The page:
ggplot in Python

Introduction

This tutorial will introduce the reader to the python package ggplot, the python equivalent of Hadley Wickham's immensely popular R package, ggplot2. ggplot2 is a graphics and visualizations package, based on the Grammer of Graphics, in the statistical language, R. The Grammer of Graphics is built around graphics as the summation of building blocks. These building blocks include data, aesthetics, statistical transformations, and faceting.

Why ggplot

For those readers with background in R, the use of ggplot is obvious. The ggplot package for python is virtually identical to the R package. For those readers unfamiliar with R and ggplot, ggplot has a number of distinct advantages over some other graphics packages:

  • With the use of "building blocks", superposition of information is extremely simple.
  • Multiple data sets can easily be presented in the same plot.
  • Faceting can be done without the use of loops.
  • There is a heavily active community of users, tutorials, guides and question/answers available online.
  • Geoms are intuitive to use.
  • The package is built upon one of the major schools of data visualization.

Tutorial Content

In this tutorial we will cover some of the most important and impressive features of ggplot. We will use the builtin datasets; more information on those can be found at http://docs.ggplot2.org/current/. ggplot will work with most datasets, provided the data is in readable formats.

We will cover the following topics in this tutorial:

Set up

If ggplot is not installed it can be installed using pip install in the command line or through the git: https://github.com/yhat/ggplot.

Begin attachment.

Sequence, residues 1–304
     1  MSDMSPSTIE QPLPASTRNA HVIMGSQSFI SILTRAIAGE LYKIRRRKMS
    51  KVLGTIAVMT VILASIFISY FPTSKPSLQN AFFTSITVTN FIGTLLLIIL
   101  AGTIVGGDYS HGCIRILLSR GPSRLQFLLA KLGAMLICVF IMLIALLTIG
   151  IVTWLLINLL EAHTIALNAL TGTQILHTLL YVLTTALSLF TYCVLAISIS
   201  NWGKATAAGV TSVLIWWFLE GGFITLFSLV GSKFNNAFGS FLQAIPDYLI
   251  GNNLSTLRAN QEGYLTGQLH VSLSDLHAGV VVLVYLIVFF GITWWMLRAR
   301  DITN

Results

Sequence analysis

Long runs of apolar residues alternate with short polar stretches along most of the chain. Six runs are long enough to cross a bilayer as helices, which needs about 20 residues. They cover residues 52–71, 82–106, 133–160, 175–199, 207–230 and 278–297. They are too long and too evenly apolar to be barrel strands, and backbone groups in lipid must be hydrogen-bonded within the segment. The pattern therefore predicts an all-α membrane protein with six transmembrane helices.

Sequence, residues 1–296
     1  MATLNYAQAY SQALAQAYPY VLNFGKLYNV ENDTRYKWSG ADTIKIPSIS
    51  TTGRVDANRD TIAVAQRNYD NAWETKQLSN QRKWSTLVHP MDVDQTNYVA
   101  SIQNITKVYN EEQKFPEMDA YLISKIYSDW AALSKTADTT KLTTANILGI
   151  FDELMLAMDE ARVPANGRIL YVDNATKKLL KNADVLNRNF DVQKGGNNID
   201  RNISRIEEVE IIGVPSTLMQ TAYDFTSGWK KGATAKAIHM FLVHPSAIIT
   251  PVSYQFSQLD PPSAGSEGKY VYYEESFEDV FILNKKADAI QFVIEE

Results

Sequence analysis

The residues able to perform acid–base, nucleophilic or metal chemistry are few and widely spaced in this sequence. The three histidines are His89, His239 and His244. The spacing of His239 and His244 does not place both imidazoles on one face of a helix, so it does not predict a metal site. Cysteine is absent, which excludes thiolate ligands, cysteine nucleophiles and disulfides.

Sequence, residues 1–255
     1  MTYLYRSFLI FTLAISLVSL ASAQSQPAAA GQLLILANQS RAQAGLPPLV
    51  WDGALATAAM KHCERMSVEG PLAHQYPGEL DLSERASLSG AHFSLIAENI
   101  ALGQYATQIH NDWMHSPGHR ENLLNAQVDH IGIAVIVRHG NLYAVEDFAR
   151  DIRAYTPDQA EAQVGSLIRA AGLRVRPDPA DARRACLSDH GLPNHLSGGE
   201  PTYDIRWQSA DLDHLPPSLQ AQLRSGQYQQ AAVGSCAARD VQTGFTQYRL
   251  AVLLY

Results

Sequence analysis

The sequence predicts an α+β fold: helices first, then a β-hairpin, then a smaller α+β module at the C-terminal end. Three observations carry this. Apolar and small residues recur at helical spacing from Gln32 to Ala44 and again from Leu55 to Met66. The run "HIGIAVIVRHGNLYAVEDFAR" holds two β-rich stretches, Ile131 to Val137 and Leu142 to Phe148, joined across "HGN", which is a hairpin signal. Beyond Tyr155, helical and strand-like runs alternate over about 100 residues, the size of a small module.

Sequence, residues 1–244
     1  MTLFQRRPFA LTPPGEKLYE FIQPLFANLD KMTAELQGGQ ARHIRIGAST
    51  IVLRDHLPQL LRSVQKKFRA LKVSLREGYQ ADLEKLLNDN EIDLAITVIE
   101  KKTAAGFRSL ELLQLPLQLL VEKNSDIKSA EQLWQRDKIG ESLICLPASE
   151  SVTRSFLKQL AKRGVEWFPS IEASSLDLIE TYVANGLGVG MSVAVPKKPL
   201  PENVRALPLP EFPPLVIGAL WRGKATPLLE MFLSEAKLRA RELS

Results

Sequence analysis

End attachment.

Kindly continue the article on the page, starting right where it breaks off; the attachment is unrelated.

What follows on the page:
In [5]:
#pip install numpy
#pip install pandas
#pip install matplotlib
#pip install ggplot

We will begin by importing three packages needed for ggplot. numpy gives us access to needed mathematical functions, pandas gives us access to dataframes, the preferred method for data in R, and matplotlib.pyplot gives us access to what is considered python's more traditional graphics and visualization package.

Without matplotlib the graphs will open in a separate window.

In [6]:
import numpy as np
import pandas as pd
#import scipy as sp
import matplotlib.pyplot as plt
%matplotlib inline
from ggplot import *
#from scipy.stats import iqr

For our tutorial we will use two of ggplot's built in datasets: diamonds and mtcars. Below we call .head() to visibly display the data stored in those two datasets.

In [50]:
mtcars['gear'] = mtcars['gear'].astype('category')

print mtcars.head()

print diamonds.head()
                name   mpg  cyl   disp   hp  drat     wt   qsec  vs  am gear  \
0          Mazda RX4  21.0    6  160.0  110  3.90  2.620  16.46   0   1    4   
1      Mazda RX4 Wag  21.0    6  160.0  110  3.90  2.875  17.02   0   1    4   
2         Datsun 710  22.8    4  108.0   93  3.85  2.320  18.61   1   1    4   
3     Hornet 4 Drive  21.4    6  258.0  110  3.08  3.215  19.44   1   0    3   
4  Hornet Sportabout  18.7    8  360.0  175  3.15  3.440  17.02   0   0    3   

   carb  
0     4  
1     4  
2     1  
3     1  
4     2  
   carat      cut color clarity  depth  table  price     x     y     z
0   0.23    Ideal     E     SI2   61.5   55.0    326  3.95  3.98  2.43
1   0.21  Premium     E     SI1   59.8   61.0    326  3.89  3.84  2.31
2   0.23     Good     E     VS1   56.9   65.0    327  4.05  4.07  2.31
3   0.29  Premium     I     VS2   62.4   58.0    334  4.20  4.23  2.63
4   0.31     Good     J     SI2   63.3   58.0    335  4.34  4.35  2.75

Scatterplots

A scatterplot is one of the most used plots in the statistical and data science world. Since both the dependent and independent variables are quantatative, scatterplots can be used with regression, distributions and other statistical needs. Our scatterplot will plot miles per gallon (mpg) versus horsepower (hp) of the mtcars dataset. We start by creating a ggplot object.

In [10]:
mpg_hp_scatter = ggplot(mtcars, aes(x = 'hp', y = 'mpg')) 

type(mpg_hp_scatter)
Out[10]:
ggplot.ggplot.ggplot

We add geom_point() to our object to make our scatterplot. We will also add labels and a title to our plot using xlab and ylab to add axis labels and ggtitle to add the title.

In [11]:
mpg_hp_scatter = mpg_hp_scatter + \
                    ylab('Miles per Gallon') + \